Becoming a werewolf

The majority of werewolf legends indicate that the transformation is usually preceded by extreme restlessness and anxiety. As the transformation takes place, the victim is struck by convulsions and contractions before finally retreating to the nearest wood in the form of a lupine animal.[1] This article is about the medical condition. ... Look up Contraction in Wiktionary, the free dictionary. ...

Historical legends describe a wide variety of methods for becoming a werewolf, one of the simplest being the removal of clothing and putting on a belt made of wolfskin, probably as a substitute for the assumption of an entire animal skin (which also is frequently described).[20] In other cases, the body is rubbed with a magic salve.[20] To drink water out of the footprint of the animal in question or to drink from certain enchanted streams were also considered effectual modes of accomplishing metamorphosis.[21] Olaus Magnus says that the Livonian werewolves were initiated by draining a cup of specially prepared beer and repeating a set formula. Ralston in his Songs of the Russian People gives the form of incantation still familiar in Russia. According to Russian lore, a child born on December 24 shall be a werewolf. Folklore and literature also depict that a werewolf can be spawned from two werewolf parents. Look up salve in Wiktionary, the free dictionary. ... is the 358th day of the year (359th in leap years) in the Gregorian calendar. ...

In Italy, France and Germany, it was said that a man could turn into a werewolf if he, on a certain Wednesday or Friday, slept outside on a summer night with the full moon shining directly on his face.[1]

In Galician, Portuguese, and Brazilian folklore, it is the seventh of the sons (but sometimes the seventh child, a boy, after a line of six daughters) who becomes a werewolf (Lobisomem).[22] In Portugal, the seventh daughter is supposed to become a witch and the seventh son a werewolf; the seventh son often gets the Christian name "Bento" (Portuguese form of "Benedict", meaning "blessed") as this is believed to prevent him from becoming a werewolf later in life. In Brazil, the seventh daughter becomes a headless (replaced with fire) horse called "Mula-sem-cabeça" (Headless Mule). The belief in the curse of the seventh son was so widespread in Northern Argentina (where the werewolf is called the lobizón), that seventh sons were frequently abandoned, ceded in adoption, or killed. A 1920 law decreed that the President of Argentina is the official godfather of every seventh son. Thus, the State gives a seventh son one gold medal in his baptism and a scholarship until his twenty first year. This effectively ended the abandonments, but there still persists a tradition in which the President godfathers seventh sons. There are two well-known places called Galicia: Galicia, one of Spains autonomous communities. ... 7 (seven) is the natural number following 6 and preceding 8. ... Look up Appendix:Most popular given names by country in Wiktionary, the free dictionary. ... The President of Argentina (full title: President of the Argentine Nation, Spanish: Presidente de la Nación Argentina) is the head of state of Argentina. ... A godparent, in many denominations of Christianity, is someone who sponsors a childs baptism. ... This article is about the Christian religious act of Baptism. ...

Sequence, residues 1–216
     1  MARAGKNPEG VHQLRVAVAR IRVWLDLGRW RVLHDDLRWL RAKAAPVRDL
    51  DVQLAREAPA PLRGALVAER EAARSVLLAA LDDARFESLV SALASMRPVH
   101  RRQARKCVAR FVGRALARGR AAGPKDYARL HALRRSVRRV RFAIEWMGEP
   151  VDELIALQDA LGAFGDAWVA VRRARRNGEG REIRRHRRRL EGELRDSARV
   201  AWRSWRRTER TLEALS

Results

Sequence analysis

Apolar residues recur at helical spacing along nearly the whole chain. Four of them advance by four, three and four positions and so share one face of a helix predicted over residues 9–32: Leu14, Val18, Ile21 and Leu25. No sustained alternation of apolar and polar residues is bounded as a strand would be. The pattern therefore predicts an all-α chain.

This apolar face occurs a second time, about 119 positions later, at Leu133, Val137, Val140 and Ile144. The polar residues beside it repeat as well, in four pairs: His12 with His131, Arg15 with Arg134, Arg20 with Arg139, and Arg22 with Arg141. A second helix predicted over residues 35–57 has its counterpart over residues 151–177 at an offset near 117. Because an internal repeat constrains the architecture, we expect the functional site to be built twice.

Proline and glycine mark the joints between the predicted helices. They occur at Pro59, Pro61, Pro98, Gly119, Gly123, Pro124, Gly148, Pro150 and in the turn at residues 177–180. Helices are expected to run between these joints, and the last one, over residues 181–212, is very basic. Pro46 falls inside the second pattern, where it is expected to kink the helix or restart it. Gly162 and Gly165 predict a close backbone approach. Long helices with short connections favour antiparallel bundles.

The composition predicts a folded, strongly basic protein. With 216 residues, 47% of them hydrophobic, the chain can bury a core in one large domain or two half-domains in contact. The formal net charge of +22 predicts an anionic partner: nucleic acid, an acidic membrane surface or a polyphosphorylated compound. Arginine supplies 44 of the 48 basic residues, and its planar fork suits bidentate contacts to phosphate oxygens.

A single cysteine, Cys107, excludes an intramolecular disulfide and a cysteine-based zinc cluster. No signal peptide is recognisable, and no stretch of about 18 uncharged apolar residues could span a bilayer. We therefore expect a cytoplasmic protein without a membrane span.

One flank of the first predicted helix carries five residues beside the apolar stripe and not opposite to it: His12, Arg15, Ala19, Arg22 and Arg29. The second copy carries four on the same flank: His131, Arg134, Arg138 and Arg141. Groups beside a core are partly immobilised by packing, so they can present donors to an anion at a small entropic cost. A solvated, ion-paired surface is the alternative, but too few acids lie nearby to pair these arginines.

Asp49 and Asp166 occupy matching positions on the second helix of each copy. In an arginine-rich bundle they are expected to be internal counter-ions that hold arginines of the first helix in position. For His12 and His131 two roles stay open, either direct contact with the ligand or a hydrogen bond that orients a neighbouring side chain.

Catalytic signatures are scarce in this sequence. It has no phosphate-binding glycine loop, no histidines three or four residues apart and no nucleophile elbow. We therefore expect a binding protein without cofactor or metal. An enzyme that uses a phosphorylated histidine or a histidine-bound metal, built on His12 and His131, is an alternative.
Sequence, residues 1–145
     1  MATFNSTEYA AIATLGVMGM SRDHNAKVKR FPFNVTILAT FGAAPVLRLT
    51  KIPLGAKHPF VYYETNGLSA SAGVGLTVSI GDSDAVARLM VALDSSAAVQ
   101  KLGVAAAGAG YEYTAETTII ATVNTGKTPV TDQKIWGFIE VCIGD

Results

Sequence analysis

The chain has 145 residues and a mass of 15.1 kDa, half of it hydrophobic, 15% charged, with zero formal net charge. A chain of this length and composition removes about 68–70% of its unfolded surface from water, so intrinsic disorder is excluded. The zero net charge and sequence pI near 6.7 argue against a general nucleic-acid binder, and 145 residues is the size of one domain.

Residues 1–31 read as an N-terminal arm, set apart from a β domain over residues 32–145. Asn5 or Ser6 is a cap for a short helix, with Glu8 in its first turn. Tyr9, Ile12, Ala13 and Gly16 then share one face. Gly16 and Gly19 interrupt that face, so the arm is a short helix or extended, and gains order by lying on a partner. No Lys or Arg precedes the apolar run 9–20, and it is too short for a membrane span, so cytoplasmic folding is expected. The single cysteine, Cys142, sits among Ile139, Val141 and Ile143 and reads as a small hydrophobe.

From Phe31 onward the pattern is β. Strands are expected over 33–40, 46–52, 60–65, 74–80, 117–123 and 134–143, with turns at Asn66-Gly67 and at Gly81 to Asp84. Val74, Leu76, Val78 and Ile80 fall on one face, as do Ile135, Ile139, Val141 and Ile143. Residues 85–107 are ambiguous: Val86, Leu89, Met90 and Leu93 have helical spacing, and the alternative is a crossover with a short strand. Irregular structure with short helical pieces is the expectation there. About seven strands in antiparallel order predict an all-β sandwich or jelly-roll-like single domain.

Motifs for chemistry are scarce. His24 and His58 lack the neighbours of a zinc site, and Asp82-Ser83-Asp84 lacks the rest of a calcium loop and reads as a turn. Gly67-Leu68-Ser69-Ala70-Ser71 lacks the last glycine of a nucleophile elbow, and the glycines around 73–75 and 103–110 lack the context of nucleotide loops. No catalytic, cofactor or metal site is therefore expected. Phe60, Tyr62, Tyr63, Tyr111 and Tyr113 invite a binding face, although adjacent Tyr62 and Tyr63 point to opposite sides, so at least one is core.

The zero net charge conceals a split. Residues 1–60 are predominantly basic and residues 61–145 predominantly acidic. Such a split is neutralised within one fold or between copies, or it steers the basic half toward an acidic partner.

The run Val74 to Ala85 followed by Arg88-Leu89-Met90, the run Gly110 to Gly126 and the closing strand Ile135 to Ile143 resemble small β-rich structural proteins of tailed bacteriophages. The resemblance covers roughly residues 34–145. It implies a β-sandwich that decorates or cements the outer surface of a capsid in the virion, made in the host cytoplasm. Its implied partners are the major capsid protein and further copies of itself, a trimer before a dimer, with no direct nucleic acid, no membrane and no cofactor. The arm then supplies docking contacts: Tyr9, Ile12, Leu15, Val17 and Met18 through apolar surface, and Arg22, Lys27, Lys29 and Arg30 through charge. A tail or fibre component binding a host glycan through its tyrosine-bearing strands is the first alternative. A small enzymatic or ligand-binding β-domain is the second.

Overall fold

In other cases, the transformation was supposedly accomplished by Satanic allegiance for the most loathsome ends, often for the sake of sating a craving for human flesh. "The werewolves", writes Richard Verstegan (Restitution of Decayed Intelligence, 1628), Peter H. Gilmore, High Priest of the Church of Satan. ... Richard Rowlands (before 1560- after 1620), Anglo-Dutch antiquary, whose real name was Verstegen, was the son of a cooper whose father, Theodore Roland Verstegen, a Dutch emigrant, came from the Seventeen Provinces to the Kingdom of England c. ...

are certayne sorcerers, who having annoynted their bodies with an ointment which they make by the instinct of the devil, and putting on a certayne inchaunted girdle, does not only unto the view of others seem as wolves, but to their own thinking have both the shape and nature of wolves, so long as they wear the said girdle. And they do dispose themselves as very wolves, in worrying and killing, and most of humane creatures.

Such were the views about lycanthropy current throughout the continent of Europe when Verstegan wrote.

The curse of werewolfery was also considered by some scholars as being a divine punishment. Werewolf literature shows many examples of God or saints allegedly cursing those who invoked their wrath with werewolfism. Those who were excommunicated by the Roman Catholic Church were also said to become werewolves.[1] This article is about the term God in the context of monotheism and henotheism. ... Excommunication is religious censure which is used to deprive or suspend membership in a religious community. ... Catholic Church redirects here. ...

The power of transforming others into wild beasts was attributed not only to malignant sorcerers, but to Christian saints as well. Omnes angeli, boni et Mali, ex virtute naturali habent potestatem transmutandi corpora nostra ("All angels, good and bad have the power of transmutating our bodies") was the dictum of St. Thomas Aquinas. St. Patrick was said to have transformed the Welsh king Vereticus into a wolf; St. Natalis supposedly cursed an illustrious Irish family whose members were each doomed to be a wolf for seven years. In other tales the divine agency is even more direct, while in Russia, again, men supposedly became werewolves when incurring the wrath of the Devil. This article is about Christian saints. ... This article is about the entities from Christian mythology. ... Saint Thomas Aquinas (1225 - March 7, 1274) was a Catholic philosopher and theologian in the scholastic tradition, who gave birth to the Thomistic school of philosophy, which was long the primary philosophical approach of the Roman Catholic Church. ... Statue of Saint Patrick Saint Patrick (died March 17, 462, 492, or 493), is the patron saint of Ireland. ... This article is about the country. ...